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How To Be Safe and Smart When Shopping Online


Don't forget to check the little details like guarantees, site security, shipping fees and returns when shopping online.


Why contend with the thundering herd at the mall when you can shop online dressed in your pajamas, coffee in hand?

You'll probably save on sales tax and you'll avoid endless, slow-moving lines at the post office when buying things for out-of-town friends or relatives.

Innovative retailers are blending the best of both online and traditional shopping into a "clicks-and-bricks" model. For big ticket items, many buyers like to check features and prices online, but want to see and touch the item before buying. For example, Dell Computer (DELL) pioneered the online sale of PCs and laptops, but now sells through Wal-Mart (WMT). Other shoppers like to review items such as books or CDs online and pick them up at Borders (BGP) or Barnes & Noble (BKS).

The growth rate for online shopping is expected to slow to about 9% a year by the end of the decade from about 25% a year in 2004. Still, online sales are expected to account for about 7% of overall retail sales by 2011 and as much as 40% of computer hardware and software.

The appeal: Online shopping is quick, easy and convenient. But unless you're dealing with a well-known and reputable company such as L.L. Bean, (AMZN) or a comparison-shopping Web site such as Yahoo! (YHOO), keep these tips in mind:

  • Check shipping and handling charges. Steep fees can make a "good price" uncompetitive.

  • Be sure the Web site lists the company's street address and phone number. A fly-by-night operation is likely to list a P.O. Box and no phone. That makes returns difficult and is an invitation to take your business elsewhere.

  • Check the guarantee because it may be 30 days from when you place the order – not when you receive the merchandise – and you don't want to be caught short. Make sure there's no "restocking fee" or other charge for returning an item.

  • Before buying, click to the consumer affairs department of your state, the attorney general or the Better Business Bureau to see if there have been a large number of complaints lodged against the company. Do an Internet search under the company's name to look for message boards along the lines of "I hate (company name)." Read a few postings to gauge the company's customer service and reliability of the comments. If you don't like what you see, take your business elsewhere.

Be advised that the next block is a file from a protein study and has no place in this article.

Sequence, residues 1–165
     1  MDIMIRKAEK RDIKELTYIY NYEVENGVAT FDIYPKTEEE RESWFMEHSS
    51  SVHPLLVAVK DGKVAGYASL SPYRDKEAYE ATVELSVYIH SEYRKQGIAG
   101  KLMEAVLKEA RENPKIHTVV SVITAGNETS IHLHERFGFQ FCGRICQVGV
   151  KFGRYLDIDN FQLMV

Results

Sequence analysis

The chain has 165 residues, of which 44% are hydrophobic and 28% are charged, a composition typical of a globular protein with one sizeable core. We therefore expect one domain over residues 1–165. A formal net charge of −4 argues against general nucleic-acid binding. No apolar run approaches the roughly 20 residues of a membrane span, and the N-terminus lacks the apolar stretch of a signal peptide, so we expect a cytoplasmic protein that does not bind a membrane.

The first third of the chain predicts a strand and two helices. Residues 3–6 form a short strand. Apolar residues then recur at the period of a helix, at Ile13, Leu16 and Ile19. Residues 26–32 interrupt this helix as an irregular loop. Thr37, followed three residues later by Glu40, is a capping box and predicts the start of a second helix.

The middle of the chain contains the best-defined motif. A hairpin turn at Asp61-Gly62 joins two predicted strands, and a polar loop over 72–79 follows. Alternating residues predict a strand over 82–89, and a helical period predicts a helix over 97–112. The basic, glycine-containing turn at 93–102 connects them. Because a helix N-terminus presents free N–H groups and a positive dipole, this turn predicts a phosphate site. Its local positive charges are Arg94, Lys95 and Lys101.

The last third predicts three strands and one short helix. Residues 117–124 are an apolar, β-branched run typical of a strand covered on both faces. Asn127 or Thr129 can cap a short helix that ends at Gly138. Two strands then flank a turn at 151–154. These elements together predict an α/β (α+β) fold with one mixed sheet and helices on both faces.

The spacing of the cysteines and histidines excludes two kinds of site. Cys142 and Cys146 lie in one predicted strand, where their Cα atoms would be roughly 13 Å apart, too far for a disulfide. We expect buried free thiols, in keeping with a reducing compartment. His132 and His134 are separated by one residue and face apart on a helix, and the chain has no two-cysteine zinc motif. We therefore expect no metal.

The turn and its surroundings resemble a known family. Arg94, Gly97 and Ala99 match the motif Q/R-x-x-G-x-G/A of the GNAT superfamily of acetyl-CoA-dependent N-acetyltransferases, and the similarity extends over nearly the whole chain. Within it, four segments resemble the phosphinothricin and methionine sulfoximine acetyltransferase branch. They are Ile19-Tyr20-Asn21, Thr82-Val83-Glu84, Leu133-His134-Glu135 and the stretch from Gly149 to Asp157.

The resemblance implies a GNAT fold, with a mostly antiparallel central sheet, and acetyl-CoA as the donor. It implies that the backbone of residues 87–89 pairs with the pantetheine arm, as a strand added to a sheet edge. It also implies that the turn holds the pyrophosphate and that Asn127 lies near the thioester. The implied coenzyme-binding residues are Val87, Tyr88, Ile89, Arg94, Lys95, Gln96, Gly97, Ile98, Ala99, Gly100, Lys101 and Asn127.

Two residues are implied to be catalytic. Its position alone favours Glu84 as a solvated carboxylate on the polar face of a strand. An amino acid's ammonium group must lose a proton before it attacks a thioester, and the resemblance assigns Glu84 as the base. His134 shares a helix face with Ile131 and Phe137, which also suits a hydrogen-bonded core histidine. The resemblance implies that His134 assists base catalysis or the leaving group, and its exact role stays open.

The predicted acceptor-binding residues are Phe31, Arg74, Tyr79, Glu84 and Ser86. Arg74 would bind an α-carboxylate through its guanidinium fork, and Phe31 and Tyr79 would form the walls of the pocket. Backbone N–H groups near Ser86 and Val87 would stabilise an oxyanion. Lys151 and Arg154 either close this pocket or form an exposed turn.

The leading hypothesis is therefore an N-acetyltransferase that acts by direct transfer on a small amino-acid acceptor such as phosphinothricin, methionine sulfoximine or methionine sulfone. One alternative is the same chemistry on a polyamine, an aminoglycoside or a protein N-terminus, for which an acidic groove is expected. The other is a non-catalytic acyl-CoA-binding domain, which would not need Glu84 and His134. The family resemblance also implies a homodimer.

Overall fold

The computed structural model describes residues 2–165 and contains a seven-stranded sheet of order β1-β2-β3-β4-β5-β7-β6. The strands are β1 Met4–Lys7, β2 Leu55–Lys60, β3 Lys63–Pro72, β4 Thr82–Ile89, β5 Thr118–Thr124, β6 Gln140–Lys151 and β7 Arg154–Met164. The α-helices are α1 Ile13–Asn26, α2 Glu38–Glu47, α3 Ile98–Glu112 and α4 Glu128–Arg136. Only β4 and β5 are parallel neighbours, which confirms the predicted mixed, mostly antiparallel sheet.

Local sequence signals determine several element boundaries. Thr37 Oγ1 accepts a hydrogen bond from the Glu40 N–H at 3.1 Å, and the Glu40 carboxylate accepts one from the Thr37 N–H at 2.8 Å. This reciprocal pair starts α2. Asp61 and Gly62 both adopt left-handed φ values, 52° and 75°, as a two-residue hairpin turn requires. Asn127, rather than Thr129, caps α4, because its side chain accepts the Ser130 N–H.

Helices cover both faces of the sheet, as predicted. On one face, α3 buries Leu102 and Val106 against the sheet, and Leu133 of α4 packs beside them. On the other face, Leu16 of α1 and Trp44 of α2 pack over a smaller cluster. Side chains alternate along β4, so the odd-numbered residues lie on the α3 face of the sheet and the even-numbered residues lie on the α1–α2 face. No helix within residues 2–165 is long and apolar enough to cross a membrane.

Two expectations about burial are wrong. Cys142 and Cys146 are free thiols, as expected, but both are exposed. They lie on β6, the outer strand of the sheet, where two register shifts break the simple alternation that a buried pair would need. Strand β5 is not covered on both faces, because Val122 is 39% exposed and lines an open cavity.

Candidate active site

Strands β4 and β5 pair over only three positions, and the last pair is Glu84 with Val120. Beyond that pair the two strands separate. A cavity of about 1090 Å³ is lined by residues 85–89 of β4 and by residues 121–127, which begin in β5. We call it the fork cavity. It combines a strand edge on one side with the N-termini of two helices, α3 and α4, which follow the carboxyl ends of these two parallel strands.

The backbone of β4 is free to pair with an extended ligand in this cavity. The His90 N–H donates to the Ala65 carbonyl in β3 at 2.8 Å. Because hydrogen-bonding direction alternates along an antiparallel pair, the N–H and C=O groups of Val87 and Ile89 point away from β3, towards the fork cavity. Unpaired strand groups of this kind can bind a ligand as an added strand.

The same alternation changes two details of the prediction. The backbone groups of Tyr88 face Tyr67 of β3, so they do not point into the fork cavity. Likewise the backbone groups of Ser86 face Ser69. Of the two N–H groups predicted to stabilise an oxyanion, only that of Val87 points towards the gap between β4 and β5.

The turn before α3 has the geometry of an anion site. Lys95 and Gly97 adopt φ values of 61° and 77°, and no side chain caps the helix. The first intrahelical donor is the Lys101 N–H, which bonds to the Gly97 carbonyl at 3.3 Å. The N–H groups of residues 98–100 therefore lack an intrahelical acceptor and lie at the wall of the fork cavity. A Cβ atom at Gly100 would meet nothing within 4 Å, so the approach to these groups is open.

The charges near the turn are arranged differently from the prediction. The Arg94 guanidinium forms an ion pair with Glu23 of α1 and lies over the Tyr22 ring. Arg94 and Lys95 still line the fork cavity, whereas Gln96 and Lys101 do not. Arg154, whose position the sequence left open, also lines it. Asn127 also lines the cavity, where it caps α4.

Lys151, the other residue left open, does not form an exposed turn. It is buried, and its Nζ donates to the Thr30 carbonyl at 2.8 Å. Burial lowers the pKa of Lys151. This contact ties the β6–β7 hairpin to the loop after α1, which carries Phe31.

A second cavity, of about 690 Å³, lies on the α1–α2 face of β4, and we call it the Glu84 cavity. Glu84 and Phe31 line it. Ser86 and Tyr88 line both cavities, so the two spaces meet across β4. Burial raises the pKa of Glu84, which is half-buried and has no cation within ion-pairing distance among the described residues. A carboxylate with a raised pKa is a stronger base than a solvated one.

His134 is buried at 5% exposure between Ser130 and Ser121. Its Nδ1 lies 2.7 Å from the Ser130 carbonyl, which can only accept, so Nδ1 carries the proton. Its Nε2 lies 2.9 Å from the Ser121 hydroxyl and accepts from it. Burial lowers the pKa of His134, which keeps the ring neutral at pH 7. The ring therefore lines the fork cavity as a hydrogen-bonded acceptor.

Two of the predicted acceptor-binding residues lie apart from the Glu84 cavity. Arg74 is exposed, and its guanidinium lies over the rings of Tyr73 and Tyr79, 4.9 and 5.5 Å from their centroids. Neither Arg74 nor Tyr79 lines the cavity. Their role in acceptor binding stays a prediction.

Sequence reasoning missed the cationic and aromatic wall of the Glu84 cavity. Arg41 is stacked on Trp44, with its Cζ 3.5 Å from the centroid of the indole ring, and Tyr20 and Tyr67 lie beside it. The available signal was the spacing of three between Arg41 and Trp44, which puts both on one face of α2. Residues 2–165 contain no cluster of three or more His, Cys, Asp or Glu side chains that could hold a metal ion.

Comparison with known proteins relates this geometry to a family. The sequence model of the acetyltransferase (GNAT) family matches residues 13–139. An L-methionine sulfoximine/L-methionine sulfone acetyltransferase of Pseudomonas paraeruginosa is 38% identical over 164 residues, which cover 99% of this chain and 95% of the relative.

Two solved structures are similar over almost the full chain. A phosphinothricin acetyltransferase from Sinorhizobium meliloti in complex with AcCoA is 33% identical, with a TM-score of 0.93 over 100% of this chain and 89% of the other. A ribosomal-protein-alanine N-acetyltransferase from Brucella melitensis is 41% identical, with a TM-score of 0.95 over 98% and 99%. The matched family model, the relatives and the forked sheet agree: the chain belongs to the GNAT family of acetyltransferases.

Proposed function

• Make sure the Web site is secure before typing in your credit card number. Secure sites encrypt financial information so thieves can't pluck your account number off the Internet and run up unauthorized charges. At the bottom of the page where you enter your personal information, look for a padlock or unbroken key that signifies a secure Web site. Note, too, that "http" in the Web address changes to "https" on a secure page.

  • Print out and keep a record of all your transactions. You'll need it if disputes arise in the future.

  • When your order arrives, save all warranty information.

  • Review your credit card statement each month to make sure there are no unauthorized charges. If you find a fraudulent charge, immediately contact your bank and close the account. Notify the credit bureaus and place a fraud alert on your file.

  • Don't call 900 numbers for an "added bonus" or other promotional items. Unscrupulous companies will lead you through numerous pages of questions signifying nothing except a steep phone bill for you. There may be nothing but vague promises of future savings or a discount offer that's so chintzy as to be meaningless.

Use the Internet's power to your advantage and remember what your mother taught you: If it sounds too good to be true, it's fraudulent.

Do you have children? Check out our collection of the very best in parent-friendly personal finance, Shopping With a Purpose, for more ideas and information on helping your children learn and grow through finance this holiday season and beyond!

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No positions in stocks mentioned.
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